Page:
A beauty in art form that certainly hasn’t faded over the years, unlike the poster artwork, are the instantly recognisable Bond title sequences. The signature gun barrel ‘shot’ accompanied by the iconic James Bond soundtrack is almost always followed by three minutes of true Bond style – Women and Guns.
Maurice Binder, a New Yorker who fell in love with London, directed 14 of the title sequences for James Bond including the pioneering gun barrel sequence that first set the bar in ‘Dr. No’. Prior to his death in 1991, in his last interview he described his creative development of this sequence in which he developed a pin hole camera to fit down a gun barrel:
“That was something I did in a hurry, because I had to get to a meeting with the producers in twenty minutes. I just happened to have little white price tag stickers and I thought I’d use them as gun shots across the screen. We’d have James Bond walk through and fire, at which point blood comes down on screen. That was about a twenty-minute storyboard I did, and they said, “This looks great!”"
Binder directed and created every sequence before ‘GoldenEye’ except for ‘From Russia with Love’ and ‘Goldfinger’. This work belonged to American Graphic Designer, Robert Brownjohn. His vision came in the form of projecting moving footage onto models and then to film the results, to stunning effect.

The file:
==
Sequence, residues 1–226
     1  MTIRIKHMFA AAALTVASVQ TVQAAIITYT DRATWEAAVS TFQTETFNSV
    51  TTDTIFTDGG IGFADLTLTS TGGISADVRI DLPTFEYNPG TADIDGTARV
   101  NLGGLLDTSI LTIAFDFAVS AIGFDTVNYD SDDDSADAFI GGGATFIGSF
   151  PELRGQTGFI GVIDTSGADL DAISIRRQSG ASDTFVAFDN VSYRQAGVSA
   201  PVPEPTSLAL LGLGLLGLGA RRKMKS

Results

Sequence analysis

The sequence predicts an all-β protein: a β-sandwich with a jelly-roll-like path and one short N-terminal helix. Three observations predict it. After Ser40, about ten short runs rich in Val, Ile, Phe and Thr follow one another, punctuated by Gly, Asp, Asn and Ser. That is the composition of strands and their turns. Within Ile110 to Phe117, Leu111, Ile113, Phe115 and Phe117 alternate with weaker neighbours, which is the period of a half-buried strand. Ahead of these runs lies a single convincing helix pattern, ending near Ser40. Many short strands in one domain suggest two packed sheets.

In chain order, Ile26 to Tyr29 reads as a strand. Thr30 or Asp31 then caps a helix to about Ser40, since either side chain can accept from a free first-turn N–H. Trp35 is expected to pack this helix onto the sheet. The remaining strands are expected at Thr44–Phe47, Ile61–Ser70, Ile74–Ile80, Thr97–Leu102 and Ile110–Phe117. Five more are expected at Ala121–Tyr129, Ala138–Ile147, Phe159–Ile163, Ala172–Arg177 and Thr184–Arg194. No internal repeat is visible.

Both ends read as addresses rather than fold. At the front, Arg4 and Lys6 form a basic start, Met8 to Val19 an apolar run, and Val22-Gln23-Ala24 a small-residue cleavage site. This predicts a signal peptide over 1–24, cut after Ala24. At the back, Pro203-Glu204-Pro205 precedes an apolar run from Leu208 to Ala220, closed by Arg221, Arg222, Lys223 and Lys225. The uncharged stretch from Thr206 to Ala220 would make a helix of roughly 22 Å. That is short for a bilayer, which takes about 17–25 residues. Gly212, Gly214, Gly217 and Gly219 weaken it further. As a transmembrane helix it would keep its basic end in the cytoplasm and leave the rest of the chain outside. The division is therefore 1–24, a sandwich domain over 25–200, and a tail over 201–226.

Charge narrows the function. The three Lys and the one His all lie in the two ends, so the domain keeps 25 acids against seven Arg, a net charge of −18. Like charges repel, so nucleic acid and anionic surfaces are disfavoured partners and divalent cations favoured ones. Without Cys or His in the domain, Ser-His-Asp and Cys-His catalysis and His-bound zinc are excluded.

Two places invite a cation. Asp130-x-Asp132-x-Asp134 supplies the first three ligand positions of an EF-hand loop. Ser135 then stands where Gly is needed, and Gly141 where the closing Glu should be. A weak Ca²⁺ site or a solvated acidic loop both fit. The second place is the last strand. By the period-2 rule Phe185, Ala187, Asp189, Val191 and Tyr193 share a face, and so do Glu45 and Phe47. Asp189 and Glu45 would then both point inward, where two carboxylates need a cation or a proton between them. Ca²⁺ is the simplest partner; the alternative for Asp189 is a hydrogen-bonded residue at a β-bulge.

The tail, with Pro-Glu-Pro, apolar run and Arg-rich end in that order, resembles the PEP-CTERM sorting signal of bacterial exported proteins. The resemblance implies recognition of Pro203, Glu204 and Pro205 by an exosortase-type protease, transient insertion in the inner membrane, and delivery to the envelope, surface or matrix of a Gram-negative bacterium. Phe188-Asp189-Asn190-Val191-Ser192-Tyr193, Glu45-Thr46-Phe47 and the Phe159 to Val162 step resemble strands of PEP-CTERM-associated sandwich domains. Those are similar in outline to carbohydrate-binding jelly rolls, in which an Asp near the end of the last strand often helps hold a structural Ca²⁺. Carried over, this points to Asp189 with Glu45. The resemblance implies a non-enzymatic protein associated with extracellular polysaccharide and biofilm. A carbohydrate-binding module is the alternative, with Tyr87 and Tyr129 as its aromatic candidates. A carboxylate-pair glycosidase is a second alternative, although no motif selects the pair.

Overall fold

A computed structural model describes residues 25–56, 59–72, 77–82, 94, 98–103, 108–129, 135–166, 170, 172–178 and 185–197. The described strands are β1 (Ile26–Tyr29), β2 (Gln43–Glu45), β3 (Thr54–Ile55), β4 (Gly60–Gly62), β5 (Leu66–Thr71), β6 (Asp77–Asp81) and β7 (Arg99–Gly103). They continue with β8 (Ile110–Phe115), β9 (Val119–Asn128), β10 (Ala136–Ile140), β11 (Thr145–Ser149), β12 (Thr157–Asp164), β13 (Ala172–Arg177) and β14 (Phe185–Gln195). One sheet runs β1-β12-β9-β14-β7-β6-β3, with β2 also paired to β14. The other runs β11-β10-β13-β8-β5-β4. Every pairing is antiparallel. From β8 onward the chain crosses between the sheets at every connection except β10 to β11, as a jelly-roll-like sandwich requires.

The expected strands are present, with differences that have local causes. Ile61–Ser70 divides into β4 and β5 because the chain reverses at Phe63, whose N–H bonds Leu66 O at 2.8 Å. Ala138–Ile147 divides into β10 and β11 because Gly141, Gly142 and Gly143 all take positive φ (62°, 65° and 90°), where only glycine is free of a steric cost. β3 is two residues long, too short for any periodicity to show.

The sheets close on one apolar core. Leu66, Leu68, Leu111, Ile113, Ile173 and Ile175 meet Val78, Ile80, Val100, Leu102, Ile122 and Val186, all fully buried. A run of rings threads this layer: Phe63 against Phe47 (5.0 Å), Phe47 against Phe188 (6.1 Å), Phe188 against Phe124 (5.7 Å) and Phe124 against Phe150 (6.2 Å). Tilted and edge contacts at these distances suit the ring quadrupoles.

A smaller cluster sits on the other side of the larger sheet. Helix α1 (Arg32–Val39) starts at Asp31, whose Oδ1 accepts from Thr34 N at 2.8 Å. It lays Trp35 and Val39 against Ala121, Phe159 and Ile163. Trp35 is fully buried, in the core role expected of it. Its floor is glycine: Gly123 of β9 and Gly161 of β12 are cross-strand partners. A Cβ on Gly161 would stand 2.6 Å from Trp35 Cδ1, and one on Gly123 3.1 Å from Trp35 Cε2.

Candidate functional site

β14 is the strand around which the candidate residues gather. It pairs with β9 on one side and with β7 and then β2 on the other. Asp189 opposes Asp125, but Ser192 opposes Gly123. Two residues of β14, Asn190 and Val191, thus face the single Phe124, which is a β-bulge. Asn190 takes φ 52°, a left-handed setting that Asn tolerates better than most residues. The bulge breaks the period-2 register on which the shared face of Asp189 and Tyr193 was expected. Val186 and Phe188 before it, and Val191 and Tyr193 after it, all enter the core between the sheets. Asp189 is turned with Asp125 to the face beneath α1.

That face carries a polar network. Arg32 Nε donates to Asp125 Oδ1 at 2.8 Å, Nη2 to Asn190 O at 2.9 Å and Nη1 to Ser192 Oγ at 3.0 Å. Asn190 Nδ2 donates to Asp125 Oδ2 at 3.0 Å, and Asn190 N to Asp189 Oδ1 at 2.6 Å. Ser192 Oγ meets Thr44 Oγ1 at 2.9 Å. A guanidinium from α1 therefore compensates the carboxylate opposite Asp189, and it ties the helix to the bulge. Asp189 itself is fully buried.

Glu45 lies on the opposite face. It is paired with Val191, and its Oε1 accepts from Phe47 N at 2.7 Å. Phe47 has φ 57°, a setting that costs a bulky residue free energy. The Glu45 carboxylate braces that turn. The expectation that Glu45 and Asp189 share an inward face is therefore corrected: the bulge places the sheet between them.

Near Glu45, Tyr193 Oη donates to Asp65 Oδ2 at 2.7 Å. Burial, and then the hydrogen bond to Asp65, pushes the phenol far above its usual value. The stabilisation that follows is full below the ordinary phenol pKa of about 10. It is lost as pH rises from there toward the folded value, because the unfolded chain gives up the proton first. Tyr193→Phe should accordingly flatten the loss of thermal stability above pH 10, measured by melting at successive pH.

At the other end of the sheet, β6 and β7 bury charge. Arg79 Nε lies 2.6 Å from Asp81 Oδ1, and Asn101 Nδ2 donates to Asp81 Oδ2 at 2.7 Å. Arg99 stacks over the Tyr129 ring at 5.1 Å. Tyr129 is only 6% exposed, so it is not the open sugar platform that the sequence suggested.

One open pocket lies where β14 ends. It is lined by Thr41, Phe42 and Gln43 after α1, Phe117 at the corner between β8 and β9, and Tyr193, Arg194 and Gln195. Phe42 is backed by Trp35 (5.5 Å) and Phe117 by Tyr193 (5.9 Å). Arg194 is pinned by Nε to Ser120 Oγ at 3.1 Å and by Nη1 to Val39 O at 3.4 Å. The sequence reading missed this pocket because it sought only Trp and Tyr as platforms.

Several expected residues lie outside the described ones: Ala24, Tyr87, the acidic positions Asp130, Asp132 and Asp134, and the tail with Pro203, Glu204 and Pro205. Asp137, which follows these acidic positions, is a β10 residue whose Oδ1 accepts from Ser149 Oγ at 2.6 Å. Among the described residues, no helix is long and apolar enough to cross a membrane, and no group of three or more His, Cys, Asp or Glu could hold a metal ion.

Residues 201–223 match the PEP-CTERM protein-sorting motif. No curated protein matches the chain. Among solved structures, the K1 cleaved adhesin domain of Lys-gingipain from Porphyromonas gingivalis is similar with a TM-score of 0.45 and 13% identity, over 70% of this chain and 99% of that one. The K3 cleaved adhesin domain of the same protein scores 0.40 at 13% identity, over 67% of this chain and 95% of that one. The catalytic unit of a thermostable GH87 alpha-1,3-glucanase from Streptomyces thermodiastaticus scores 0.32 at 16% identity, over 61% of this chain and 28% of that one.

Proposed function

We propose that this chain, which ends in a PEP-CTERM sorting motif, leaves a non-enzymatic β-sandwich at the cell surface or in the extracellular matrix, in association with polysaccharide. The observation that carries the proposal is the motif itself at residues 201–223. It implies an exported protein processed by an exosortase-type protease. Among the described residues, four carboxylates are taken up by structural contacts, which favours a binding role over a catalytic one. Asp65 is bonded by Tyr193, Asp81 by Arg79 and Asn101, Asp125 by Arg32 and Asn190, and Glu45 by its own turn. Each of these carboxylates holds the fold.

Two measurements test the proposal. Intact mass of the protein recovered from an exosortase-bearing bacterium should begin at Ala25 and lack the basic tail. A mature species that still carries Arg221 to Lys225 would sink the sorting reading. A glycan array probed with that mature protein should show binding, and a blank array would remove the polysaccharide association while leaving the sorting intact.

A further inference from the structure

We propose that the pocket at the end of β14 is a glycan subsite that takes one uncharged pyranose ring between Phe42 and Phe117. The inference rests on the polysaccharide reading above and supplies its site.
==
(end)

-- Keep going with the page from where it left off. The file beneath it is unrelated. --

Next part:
Interestingly enough, Brownjohn was an ex-creative from ‘Adland’ that moved to London working where the partners of Hatched earned their stripes – J. Walter Thompson (JWT). He worked there until 1962, before moving to McCann Erickson were his relationship with moving image began.
Both Binder and Brownjohn’s work is both famously identifiable and rich in creativity making the sequence an imperative part of any bond film. When paired with a great Bond soundtrack, and the visual meets the audio it produces a license to thrill in itself.
We’ve picked out some of the Binder’s and Brownjohn’s classics…
From Russia With Love
You Only Live Twice
On Her Majesty’s Secret Service
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October 22nd, 2012